If you don’t know that these little sweets are actually to be eaten, you could think there are made of ceramic or plastic for their precise imitation of fruits and vegetables. These little sweets of almond flour and sugar are typical of the Sicilian tradition but they became popular in many regions of Southern Italy. The Sicilian name “frutta Martorana” comes from Eloisa Martorana, a peeress who founded the Benedictine monastery of Palermo, where nuns used to make these sweets reproducing visually the fruits of their garden.

 

Torroni

Torroni

 

Torrone

Similar to nougat but with a harder consistency, the torrone is made of eggs, honey, sugar, almonds, hazelnuts or walnuts. There are many types of it, some coated outside with dark chocolate or the chocolate version where instead of having honey and eggs, the interior is made completely of chocolate with nuts. It is a Christmas sweet popular in all the country.

 

Ricciarelli

Ricciarelli

 

 

Ricciarelli

Like the panforte, they are typical from the city of Siena. Addictively delicious little lozenge-shaped cookies made with marzipan, sugar, honey, egg white, vanilla and candied.  As per tradition, the mixture has been worked with milling machine and once the shape is made, the cookies are left “to rest” for 2 days before being baked. The cracked surface gets some icing sugar. Like the panforte, they are eaten with vin sant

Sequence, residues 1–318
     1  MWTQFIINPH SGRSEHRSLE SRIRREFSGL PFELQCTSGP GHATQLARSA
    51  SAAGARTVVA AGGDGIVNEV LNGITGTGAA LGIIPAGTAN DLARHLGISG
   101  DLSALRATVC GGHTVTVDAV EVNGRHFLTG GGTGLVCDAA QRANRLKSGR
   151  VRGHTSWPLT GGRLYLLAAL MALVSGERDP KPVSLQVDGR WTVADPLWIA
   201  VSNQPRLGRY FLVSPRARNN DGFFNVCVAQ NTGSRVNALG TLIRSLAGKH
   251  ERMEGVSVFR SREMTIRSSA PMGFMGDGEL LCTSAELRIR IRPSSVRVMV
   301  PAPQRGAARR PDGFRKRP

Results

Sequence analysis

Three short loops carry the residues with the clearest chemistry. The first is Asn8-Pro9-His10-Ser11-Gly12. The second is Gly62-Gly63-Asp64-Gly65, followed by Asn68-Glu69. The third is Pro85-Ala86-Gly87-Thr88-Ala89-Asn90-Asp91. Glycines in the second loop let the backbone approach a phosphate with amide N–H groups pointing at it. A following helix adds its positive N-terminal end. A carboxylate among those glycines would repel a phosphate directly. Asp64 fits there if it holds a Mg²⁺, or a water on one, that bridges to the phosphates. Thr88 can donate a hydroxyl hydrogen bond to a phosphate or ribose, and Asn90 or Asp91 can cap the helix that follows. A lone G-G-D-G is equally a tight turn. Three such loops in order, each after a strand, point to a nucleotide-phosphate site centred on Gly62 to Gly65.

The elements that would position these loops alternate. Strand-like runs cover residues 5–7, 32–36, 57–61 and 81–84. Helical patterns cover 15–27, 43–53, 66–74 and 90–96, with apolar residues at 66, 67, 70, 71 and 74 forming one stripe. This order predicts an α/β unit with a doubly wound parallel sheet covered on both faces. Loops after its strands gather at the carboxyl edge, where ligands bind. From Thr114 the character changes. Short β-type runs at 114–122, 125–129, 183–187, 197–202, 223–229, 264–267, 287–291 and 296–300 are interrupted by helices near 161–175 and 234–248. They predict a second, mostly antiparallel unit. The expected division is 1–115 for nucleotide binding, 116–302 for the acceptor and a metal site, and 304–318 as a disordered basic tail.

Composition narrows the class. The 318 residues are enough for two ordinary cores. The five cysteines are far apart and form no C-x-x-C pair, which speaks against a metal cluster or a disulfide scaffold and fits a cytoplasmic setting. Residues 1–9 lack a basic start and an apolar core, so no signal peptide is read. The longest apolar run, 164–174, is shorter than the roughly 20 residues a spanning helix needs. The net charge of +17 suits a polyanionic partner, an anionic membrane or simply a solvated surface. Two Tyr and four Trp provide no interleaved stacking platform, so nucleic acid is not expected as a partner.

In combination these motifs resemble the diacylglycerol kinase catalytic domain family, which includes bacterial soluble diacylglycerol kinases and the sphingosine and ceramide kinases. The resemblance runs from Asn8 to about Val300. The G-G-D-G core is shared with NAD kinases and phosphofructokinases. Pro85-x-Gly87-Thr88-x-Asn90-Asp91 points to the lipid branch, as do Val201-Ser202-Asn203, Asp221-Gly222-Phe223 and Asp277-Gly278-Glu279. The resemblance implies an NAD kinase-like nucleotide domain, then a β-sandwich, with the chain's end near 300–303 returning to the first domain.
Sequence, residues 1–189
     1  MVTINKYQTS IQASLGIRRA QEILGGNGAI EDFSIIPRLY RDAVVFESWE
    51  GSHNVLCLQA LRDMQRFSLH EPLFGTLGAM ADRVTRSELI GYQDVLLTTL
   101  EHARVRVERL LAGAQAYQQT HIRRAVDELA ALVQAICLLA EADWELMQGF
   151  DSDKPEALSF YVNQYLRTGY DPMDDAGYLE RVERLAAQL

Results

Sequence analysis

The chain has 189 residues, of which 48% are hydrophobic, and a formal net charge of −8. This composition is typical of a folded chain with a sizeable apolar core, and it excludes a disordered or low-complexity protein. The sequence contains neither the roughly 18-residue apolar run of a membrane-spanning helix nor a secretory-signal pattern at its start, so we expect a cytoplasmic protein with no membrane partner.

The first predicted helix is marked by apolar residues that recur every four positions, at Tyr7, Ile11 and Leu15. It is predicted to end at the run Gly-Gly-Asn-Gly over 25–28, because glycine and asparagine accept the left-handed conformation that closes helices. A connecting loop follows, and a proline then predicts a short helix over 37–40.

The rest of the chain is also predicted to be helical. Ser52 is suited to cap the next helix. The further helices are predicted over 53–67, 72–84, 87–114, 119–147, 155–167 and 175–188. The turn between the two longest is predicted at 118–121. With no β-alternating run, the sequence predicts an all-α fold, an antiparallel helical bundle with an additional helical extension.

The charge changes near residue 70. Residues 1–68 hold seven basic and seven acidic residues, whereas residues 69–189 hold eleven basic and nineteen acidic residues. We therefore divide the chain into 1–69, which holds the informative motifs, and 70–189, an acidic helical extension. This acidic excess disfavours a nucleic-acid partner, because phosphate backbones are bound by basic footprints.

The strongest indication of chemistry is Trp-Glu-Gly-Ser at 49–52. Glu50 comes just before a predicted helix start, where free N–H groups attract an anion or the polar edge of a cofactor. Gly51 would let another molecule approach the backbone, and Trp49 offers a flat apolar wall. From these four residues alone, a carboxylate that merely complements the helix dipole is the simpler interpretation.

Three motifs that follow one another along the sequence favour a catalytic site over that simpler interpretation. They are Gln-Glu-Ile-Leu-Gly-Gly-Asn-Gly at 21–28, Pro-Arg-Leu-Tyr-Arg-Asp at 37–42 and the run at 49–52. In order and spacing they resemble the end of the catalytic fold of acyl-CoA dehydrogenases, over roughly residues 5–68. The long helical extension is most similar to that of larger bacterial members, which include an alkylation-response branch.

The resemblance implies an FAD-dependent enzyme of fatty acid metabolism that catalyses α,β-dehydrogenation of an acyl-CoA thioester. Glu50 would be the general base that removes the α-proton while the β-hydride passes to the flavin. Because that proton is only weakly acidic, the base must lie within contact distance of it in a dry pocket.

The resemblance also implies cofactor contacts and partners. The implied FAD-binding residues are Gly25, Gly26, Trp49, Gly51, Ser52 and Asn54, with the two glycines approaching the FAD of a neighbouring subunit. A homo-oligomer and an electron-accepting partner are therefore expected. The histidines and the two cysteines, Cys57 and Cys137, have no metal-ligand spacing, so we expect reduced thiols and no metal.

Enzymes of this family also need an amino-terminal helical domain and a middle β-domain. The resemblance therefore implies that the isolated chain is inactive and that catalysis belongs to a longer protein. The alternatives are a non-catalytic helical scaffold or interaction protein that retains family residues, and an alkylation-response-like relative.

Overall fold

Veronica Grimaldi Hinojosa - Traveller. Italian. Ceviche addict. She understood at a very young age she would catch the travel bug so she started to learn English, French and Latin aged 11 and later studied German and Spanish. She has been living in London for the last 11 years. Not even her unforgettable sabbatical gap in French Polynesia could stop her from falling in love with Peru and Peruvian food, even though Neapolitan pizza remains always part of her DNA. Among her other passions there is also advertising, branding, fine dining and luxury and she blogs about these at the Circle of Luxury. She is currently learning Portuguese.